O Emmanuel: God with us

O Emmanuel, Rex et legifer noster, exspectatio gentium, et Salvator earum: veni ad salvandum nos Domine Deus noster.
O Emmanuel, our King and Law-giver, desired of the nations and their salvation, come and save us, Lord our God.

Today’s Mass readings, Malachi 3. 1-4, 23-24 and Luke 1. 57-66, taken together with Isaiah 7.14, provide more than enough to think about as we listen to the antiphon:

 

We are very close to the birth we are waiting for. The prophecy of Malachi is fulfilled in the coming of John the Baptist, and the question with which the gospel ends is one we must ask not just of John’s birth but of Jesus’ also: ‘What will this child turn out to be?’ Sometimes people assume that ‘good’ Christians have no doubts, never ask questions, never experience a sense of bewilderment in the face of cruelty or disaster. That is demonstrably untrue. To be a Christian is surely to live with uncertainty, relying on the gift of faith to bridge the gap between our understanding and our questioning. Tonight’s antiphon reminds us that the God we seek is not a God afar off, but God-with-us, one who has shared our humanity and calls us to share in his divinity.

O Emmanuel expresses the theology of this in a few, meaning-rich phrases. Notice that expectatio gentium, although translated as ‘Desired of the nations’, really has more the sense of ‘hope’ or even more literally, ‘expectation’. The antiphon takes up and develops all the themes of the previous six. Christ is welcomed as God-with-us, King of David’s line, the true Law-giver, one who is the fulfilment of every human (= gentile) hope and longing, whose gift of salvation is open to all. The petition with which the antiphon ends is absolutely clear about the divine nature and mission of the Messiah: ‘come and save us, Lord our God.’

There in a nutshell is what Christmas is about. In his compassion and love, God wills to take our human flesh and blood and redeem us through the life, death and resurrection of Jesus Christ our Lord. Our salvation is very near. It began with Mary’s generous-hearted consent to be the Mother of God. It will take physical shape with the birth of Jesus on Christmas night. It will be completed only when all are one with Him in the Kingdom. Truly, this is ‘a mystery hidden from long ages, a secret into which even angels long to look!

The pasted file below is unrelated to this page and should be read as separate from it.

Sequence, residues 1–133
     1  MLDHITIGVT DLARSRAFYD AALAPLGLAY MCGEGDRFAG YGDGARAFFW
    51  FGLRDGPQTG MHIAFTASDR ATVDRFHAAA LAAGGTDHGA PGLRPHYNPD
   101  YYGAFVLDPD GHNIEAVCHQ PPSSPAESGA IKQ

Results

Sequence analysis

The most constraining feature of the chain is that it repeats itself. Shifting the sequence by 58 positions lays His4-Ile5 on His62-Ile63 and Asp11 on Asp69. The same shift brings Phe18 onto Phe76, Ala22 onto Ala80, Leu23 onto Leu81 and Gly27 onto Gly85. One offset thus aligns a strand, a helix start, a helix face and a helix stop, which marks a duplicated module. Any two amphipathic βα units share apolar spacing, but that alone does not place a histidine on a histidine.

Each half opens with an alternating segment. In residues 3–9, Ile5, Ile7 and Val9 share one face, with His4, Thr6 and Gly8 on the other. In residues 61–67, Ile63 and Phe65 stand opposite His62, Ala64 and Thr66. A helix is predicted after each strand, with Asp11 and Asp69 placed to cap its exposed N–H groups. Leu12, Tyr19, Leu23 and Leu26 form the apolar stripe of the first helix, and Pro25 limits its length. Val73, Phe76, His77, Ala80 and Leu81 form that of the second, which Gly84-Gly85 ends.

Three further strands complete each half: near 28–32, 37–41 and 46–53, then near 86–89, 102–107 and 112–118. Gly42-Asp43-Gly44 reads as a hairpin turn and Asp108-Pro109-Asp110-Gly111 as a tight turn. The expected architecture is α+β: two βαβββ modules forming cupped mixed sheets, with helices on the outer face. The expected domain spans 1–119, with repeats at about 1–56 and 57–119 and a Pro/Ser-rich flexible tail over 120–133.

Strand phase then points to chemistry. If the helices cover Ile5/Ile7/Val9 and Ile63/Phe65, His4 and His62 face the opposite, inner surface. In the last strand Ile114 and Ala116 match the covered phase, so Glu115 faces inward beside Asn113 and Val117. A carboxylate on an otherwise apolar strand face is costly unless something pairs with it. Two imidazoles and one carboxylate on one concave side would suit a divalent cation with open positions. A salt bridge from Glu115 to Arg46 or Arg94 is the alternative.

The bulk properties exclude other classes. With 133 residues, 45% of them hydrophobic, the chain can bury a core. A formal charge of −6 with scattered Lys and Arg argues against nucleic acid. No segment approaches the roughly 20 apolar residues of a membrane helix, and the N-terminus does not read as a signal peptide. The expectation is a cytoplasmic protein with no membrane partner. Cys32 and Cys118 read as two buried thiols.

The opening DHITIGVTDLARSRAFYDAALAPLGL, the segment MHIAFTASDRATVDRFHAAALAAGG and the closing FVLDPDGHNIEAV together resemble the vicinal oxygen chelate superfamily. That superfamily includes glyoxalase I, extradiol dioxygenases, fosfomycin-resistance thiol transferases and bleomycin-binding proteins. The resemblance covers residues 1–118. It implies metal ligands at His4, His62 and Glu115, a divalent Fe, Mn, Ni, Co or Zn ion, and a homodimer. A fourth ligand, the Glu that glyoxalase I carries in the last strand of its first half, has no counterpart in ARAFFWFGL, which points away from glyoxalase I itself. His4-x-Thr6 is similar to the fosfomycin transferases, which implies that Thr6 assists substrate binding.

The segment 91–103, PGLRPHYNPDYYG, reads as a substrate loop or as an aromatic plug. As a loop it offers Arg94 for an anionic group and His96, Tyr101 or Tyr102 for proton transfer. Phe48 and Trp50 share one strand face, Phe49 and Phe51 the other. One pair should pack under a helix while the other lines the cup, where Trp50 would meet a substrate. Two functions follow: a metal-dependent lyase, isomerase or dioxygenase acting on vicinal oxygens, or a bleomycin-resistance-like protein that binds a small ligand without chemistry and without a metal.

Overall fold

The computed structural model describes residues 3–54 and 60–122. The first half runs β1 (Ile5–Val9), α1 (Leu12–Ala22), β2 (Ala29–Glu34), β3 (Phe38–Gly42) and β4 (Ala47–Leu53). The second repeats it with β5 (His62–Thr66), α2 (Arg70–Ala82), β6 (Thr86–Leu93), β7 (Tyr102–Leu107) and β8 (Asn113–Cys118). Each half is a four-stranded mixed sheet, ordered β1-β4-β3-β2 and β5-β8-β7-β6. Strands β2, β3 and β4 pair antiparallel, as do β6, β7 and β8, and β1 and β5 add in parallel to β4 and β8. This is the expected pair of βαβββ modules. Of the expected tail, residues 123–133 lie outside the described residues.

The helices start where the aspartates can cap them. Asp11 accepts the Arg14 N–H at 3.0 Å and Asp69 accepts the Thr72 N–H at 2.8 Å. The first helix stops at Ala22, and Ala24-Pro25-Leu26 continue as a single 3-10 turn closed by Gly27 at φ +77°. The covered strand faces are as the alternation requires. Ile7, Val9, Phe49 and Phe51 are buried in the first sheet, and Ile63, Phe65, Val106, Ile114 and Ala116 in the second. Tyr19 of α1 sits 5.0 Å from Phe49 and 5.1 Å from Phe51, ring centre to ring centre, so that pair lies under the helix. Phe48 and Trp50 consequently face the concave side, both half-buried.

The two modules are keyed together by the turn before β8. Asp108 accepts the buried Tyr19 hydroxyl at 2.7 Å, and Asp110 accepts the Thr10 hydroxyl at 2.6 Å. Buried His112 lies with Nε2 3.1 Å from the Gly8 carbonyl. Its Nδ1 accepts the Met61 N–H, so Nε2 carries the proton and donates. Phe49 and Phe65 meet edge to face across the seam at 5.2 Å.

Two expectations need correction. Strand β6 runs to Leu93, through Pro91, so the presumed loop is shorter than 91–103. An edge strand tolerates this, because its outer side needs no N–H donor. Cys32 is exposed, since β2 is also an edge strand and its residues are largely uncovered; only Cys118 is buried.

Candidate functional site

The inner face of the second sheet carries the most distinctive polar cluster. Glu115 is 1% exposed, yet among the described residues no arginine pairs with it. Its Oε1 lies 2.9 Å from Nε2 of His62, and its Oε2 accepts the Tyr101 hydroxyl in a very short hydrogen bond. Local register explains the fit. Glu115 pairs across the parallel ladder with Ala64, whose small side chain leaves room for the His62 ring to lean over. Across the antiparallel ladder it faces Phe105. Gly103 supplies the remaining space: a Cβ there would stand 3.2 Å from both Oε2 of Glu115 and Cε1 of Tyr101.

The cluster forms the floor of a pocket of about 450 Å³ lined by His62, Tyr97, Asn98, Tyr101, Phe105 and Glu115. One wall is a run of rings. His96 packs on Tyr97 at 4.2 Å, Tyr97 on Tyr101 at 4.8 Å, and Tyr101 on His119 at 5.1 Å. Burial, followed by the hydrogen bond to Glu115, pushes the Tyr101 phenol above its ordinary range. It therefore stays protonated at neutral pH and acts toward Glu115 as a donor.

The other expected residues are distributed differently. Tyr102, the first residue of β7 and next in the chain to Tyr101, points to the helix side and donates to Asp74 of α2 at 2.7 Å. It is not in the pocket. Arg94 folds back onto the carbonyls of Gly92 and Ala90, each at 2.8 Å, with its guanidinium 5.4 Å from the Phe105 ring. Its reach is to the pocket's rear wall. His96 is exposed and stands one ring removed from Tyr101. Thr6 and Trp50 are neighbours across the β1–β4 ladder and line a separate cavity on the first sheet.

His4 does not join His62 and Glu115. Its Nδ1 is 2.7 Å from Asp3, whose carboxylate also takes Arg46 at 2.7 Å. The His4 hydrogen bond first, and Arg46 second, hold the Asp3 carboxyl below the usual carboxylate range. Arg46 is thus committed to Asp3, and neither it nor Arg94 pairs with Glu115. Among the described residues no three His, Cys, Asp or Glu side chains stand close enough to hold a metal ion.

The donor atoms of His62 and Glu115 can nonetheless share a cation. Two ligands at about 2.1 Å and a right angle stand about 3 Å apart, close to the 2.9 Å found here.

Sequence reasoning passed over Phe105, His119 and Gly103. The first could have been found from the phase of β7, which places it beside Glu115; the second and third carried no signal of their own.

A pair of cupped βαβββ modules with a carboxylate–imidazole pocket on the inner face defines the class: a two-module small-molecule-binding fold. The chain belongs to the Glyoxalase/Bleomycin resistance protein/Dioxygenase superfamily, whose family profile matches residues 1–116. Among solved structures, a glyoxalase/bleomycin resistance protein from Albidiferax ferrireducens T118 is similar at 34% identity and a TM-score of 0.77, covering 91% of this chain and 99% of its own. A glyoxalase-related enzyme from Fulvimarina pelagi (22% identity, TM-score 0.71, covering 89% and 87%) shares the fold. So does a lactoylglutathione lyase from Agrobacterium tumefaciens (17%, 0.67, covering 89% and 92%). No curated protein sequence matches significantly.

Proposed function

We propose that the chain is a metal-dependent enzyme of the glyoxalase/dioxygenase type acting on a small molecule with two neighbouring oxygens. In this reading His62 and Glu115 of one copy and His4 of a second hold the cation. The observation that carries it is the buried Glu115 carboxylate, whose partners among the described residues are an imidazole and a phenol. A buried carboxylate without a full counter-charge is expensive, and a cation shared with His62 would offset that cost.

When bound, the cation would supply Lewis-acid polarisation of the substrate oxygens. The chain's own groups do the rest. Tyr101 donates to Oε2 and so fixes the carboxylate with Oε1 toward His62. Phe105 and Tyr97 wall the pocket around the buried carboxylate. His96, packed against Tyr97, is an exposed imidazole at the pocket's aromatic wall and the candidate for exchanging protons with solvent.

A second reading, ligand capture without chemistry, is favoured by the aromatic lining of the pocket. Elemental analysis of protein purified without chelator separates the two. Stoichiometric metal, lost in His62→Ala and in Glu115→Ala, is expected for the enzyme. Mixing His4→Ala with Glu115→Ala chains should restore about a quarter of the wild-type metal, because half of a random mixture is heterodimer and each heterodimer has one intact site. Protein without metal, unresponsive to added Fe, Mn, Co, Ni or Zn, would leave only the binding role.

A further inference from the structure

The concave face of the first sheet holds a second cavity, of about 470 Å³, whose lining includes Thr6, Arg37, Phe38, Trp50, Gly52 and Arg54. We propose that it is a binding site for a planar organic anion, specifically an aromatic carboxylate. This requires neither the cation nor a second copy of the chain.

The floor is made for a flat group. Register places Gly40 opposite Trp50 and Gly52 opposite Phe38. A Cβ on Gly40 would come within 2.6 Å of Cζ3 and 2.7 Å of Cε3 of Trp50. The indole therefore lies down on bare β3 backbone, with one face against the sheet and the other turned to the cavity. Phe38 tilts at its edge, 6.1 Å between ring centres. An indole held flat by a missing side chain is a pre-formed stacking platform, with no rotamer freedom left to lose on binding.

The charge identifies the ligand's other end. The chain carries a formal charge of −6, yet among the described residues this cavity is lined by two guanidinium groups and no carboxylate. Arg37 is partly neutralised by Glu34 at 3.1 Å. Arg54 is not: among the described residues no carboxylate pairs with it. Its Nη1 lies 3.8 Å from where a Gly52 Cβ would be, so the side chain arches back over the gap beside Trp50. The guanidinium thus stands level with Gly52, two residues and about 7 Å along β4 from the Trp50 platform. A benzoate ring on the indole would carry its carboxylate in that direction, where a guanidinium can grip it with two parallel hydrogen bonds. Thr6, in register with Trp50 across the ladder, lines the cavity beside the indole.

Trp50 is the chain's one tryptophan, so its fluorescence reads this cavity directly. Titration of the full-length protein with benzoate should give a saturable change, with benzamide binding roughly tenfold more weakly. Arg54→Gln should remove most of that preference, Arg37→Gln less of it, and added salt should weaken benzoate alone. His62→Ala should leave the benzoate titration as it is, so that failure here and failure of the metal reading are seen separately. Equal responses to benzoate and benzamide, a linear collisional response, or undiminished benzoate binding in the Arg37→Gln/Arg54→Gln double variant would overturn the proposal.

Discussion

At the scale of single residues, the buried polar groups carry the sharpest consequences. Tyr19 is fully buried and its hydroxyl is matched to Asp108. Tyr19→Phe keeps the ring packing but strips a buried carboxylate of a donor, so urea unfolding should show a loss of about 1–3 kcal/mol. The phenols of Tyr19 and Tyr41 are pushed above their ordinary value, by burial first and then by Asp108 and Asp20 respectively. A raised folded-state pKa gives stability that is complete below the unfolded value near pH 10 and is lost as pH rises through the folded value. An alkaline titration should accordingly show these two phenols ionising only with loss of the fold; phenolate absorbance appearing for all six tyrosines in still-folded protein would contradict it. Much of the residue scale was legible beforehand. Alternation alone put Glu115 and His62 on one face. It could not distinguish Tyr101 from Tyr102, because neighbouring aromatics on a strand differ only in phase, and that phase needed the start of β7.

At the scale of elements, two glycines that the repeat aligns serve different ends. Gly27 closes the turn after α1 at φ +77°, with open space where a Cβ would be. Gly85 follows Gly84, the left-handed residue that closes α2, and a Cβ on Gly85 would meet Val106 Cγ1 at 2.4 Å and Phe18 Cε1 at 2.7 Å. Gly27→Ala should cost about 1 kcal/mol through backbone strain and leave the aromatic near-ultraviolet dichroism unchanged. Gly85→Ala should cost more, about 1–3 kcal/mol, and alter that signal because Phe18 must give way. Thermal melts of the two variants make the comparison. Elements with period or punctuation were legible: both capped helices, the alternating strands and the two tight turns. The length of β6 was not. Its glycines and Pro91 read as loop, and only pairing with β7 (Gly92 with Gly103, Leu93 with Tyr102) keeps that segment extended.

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8 thoughts on “O Emmanuel: God with us”

  1. A hazelnutshell! I am keeping a hazelnut in my pocket; it is there for me to find to remind me what Christmas is all about when I get “Martha-ed” by many things

  2. And in a much simpler way this takes me to one of my favourite carols with a wonderful velvet, dark tune, ‘O Come, O Come Immanuel”.

    And the nutshell is surely a hazel taken from the shrine of Julian here in Norfolk.

    • Yes, a “Julian of Norwich” nutshell. I haven’t studied her writings, but a mixture of “all manner of things will be well” and Romans 8:28 has seen me through many a storm, and usually calmed the magnitude of the waves to tea-cup-size. Also a chorus “Turn your eyes upon Jesus, Look full in His heavenly face, And the things of this earth will seem strangely dim, In the light of his glory and grace”. It has a tune which I personally detest, but I still hum it when the going gets tough.

  3. Thanks for the beautiful reflections throughout the Advent season.
    I would have liked to have made more comments but I have found it hard enough just to keep up with writing my own blog these days.
    The rheumatoid arthritis has been active these last few weeks and energy levels have dropped.
    Wishing you all Blessings for Christmas and to your dog a big juicy bone (I hope he gets something special !)

  4. Thank you for this wonderful series of reflections too ; for all your reflections, throughout the year, with their unfailing help to awareness of the ways that God IS with is — a daily wake-up call.

  5. May I join Eric and Phil in thanks.

    Phil, I know all too well from personal experience how RA bites into one’s life. Perhaps we could ask readers to remember in their prayers this Christmas all those affected by arthritis and all those wonderful people who make our lives easier.

    I’ve just looked at your blog and am amazed at it richness. I look forward to reading you in 2012.

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